Making batteries from thin air

Making batteries from thin air
Dr Jessica Allen is developing advanced materials to make better batteries. Credit: University of Newcastle

Sunlight is being used to convert carbon dioxide into batteries, thanks to a new technology being developed by researchers at the University of Newcastle.

Currently, we mine the materials we use to make batteries. One of these materials is graphite—a type of carbon—that has specific properties that makes it good at storing , including high conductivity and chemical stability.

But will this secure our long-term energy future?

"As we move more and more to renewable sources of energy we're going to need a lot of batteries to store energy, and manage the variability of the sun and the wind," says Dr Jessica Allen, who is part of the research team.

"We need to think about where materials for these batteries will come from, and look for more sustainable alternatives."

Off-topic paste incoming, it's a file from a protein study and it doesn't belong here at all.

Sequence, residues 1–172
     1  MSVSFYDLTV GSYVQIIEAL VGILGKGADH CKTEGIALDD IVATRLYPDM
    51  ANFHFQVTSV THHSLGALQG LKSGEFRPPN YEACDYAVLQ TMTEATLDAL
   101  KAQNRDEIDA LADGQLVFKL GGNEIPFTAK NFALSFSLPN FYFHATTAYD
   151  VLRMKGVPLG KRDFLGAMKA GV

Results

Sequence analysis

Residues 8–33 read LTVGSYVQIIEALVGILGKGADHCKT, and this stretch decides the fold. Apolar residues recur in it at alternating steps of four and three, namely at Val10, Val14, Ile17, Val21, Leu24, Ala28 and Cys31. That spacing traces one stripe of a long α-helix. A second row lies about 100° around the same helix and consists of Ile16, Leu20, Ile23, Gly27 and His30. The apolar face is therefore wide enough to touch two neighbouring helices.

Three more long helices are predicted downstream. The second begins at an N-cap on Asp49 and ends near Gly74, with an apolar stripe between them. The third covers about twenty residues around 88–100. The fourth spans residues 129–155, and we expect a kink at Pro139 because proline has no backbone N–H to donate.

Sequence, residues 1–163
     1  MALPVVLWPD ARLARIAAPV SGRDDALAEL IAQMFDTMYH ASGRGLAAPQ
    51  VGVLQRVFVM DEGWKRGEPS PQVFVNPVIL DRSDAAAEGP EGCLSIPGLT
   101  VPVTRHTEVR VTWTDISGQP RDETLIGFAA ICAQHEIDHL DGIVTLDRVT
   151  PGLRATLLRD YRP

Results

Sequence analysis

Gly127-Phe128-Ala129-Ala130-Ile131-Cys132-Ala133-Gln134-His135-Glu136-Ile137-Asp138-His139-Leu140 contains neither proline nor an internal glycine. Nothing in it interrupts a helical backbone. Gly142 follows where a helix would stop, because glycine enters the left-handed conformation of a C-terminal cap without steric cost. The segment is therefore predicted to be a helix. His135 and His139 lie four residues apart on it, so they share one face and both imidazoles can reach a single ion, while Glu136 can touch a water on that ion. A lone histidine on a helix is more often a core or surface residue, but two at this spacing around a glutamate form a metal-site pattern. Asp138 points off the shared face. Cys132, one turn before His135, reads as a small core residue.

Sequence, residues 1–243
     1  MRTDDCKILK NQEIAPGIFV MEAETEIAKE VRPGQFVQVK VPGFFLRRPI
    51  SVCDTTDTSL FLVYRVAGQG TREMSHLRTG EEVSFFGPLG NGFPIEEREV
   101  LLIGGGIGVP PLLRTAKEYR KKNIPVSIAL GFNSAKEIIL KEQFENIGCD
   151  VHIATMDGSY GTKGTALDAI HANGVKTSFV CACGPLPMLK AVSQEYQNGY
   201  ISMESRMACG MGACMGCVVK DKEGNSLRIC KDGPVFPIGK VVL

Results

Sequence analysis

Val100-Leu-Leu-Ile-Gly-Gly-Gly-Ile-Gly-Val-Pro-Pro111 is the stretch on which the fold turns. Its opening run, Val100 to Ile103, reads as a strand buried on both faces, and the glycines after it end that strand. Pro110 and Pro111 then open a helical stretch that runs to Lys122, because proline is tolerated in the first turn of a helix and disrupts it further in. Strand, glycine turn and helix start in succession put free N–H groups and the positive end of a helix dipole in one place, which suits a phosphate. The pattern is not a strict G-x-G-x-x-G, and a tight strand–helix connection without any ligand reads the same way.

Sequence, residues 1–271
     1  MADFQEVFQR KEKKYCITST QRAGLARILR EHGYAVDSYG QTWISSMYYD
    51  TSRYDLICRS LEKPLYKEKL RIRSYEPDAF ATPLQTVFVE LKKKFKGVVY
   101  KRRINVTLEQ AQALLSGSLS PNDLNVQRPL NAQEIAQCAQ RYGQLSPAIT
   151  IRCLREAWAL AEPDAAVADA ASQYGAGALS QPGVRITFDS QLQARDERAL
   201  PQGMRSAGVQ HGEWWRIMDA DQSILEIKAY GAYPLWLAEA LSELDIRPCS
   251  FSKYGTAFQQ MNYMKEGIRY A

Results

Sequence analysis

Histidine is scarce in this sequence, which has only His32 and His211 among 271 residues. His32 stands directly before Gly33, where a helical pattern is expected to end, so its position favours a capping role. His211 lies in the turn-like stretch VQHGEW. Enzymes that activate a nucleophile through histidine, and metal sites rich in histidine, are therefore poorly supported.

That alternative turns out to be a well-known chemical reaction, in reverse.

When carbon (for example in the form of coal) is burnt in oxygen it produces energy, and carbon dioxide as a by-product. This is the principle behind coal-fired power stations.

Jessica and her colleagues have found they can reverse this process using elevated temperatures and chemical intermediates. By using heat from the sun they can transform emissions from industry into carbon, with oxygen as the only by-product.

"This method allows us to make carbon which is even better at storing electrical energy than the mined graphite," says Jessica, "which enhances the performance and stability of the final batteries we produce."

"This is just one example of how solar manufacturing could be a game changer for Australian industry, and allow us to export of high-value products derived from our nation's biggest untapped resource—the sun."


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Citation: Making batteries from thin air (2018, September 5) retrieved 20 June 2019 from https://phys.org/news/2018-09-batteries-thin-air.html
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